We have backed away from the fiscal cliff last week in a last minute deal that was pushed through, amended, and pushed through again all through the wee hours of the night. Many people are breathing a sigh of relief, no economic carnage to be seen, yet.
The bill that was passed looks to mean more taxation on the incomes of Minnesotans making $400,000 a year or more. Which has started the ongoing argument nationwide that the middle class is not being taxed enough, or on the flip side too much even after the plan to tax higher income earners. But the truth might be that both sides have seen an increase in taxes and it still might not be enough.
Who is seeing a tax increase
President Obama has been encouraging the safe keeping of middle class wage earners by attempting to put more burden on high wage earners—this was one of the biggest sticking points of the bill, what is appropriate taxation for high income earners, and would raising their taxes effect jobs? The bill seems to have reached a middle ground, income earners seeing $400,000/year or higher will see an increase in taxes. Obama, and his allies in Congress, wanted to see this increase at a much lower yearly level. Those making around $200,000 or higher. So the burden seems to be passed on to higher income earners, but not to the ideal level for President Obama, and middle income earners still feel the same percentage of previous years.
Upon a second glance
It looks as though many of those on the side shooting for a higher tax burden on high income earners have seen success. Earners making $400,000 and up are going to see more taxes, and middle income earners should stay level. But let’s take a second look. A payroll tax cut is set to expire after the passing of this bill. This means that 77% of Americans will have to pay higher taxes—USAToday. This means that if you are earning $75,000 to $100,000 will see a tax increase of about $1,200 a year. This hits right in the middle of Obama’s middle class.
Another second look will show that earnings coming from capital gains are getting a raise, from about 15% to 20%. This is important figure when looking at taxation on higher earners. A portion of those who make more than $400,000 a year typically has a portion of their income coming from investments. This is not always the case, but it is an important note in looking at the big picture. This in a roundabout way still means higher taxation for those earners, but it might not be as high as it seems.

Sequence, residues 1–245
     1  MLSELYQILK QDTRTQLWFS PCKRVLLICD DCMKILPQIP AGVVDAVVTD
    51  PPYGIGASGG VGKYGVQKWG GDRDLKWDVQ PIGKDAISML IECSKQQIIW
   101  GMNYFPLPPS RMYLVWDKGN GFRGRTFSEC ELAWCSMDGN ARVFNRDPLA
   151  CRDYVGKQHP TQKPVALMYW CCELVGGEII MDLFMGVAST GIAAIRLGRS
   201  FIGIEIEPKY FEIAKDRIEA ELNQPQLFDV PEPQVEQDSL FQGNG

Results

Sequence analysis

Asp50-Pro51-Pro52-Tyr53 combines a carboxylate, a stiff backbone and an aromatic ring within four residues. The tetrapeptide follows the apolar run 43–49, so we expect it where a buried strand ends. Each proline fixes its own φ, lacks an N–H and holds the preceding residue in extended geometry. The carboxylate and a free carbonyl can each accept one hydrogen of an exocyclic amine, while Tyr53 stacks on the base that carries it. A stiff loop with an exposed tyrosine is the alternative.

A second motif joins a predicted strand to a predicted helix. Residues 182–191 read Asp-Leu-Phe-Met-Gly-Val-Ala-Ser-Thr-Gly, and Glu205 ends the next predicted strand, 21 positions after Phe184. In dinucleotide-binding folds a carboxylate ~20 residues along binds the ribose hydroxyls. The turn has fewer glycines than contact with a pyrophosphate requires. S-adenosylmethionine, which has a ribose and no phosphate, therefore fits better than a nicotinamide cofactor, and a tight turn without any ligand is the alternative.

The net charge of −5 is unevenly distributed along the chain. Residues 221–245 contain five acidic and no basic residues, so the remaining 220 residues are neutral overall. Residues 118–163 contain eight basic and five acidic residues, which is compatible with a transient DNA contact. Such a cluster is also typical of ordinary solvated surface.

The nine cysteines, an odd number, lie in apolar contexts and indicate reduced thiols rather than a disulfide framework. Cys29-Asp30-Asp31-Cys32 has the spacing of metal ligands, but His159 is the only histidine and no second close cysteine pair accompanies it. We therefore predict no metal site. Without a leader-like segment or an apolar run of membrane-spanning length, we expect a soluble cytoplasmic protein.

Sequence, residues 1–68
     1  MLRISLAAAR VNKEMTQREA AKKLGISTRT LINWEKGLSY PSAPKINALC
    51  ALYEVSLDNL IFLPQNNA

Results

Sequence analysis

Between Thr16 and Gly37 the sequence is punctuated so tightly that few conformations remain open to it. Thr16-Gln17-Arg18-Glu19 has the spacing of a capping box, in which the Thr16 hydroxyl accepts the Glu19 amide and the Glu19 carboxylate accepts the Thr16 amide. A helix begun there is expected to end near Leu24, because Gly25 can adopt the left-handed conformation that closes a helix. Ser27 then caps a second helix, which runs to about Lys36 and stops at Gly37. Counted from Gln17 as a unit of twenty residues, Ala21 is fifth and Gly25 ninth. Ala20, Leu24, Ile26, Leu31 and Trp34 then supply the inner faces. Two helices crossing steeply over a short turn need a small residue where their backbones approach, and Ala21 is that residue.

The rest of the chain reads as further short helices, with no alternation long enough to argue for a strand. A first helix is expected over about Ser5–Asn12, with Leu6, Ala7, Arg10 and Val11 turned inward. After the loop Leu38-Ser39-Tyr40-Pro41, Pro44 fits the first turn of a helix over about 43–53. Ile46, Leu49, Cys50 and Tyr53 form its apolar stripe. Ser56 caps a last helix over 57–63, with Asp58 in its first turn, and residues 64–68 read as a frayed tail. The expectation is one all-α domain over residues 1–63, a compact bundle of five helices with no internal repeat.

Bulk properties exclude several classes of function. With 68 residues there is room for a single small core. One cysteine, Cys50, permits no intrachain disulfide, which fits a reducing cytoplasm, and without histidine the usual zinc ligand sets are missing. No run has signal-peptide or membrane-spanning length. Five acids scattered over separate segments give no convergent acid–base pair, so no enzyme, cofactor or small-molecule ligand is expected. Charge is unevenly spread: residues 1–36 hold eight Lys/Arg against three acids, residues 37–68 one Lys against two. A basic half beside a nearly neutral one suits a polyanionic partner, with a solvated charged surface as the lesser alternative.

Is there a fair balance
Let’s look at what the balance is for middle class Minnesotans. The 2011 census puts the median income for Minnesota at $58,476—which is above the U.S. Average I might add. This puts the median income households of Minnesota far below the two brackets that will see increases in taxes ($75,000-$100,000 due to the expiration of Bush-era tax cuts, and the changes to those making $400,000 or more).
The median income earners here in Minnesota are paying around a 25% income tax on that $58,476 income. This means they are paying around $14,619 a year in taxes, taking home around $43,857. Minnesotans making $400,000 or more a year are taxed at around 35% (not including capital gains taxation for simplification reasons). They pay around $140,000 of their income a year and take home around $260,000. With the Fiscal Cliff Deal, these earners will be paying around 39.6%--that is if their earnings are not considered capital gains. This now means paying in around $241,600 in taxes bringing in a net of $158,400 home. The math here looks simple, and it is there is more to the tax system, take a look at the details at Forbes.
This is where the issue stands. To some it looks as though the higher income earners are making out great, even after the increase there is still an extremely heavy burden on lower income earners. The balance can be argued in the fact that higher net earners tend to make a good portion of their money through capital gains. This is taxed relatively low at 20%, raised from 15% with this deal. So the thought is, realistically high net earners with income that can be put in investments could balance their share of taxation through capital gains.
Where we stand
Minnesotans making more than $400,000 year will be paying more taxes, and there still is a discrepancy between middle/low income earners’ and high income earners’ perceived burden. In reality most Americans will be paying higher taxes. This includes 77% of Americans in the $75,000-$100,000 bracket. The bill passage has allowed tax reliefs for this bracket to expire. The increased taxes still do not account for the deficits that we see, or account for balancing the budget, and burdens haven’t been changed merely spread out to larger portions of people. Changes in other areas most likely might be needed, and many are calling for this as well.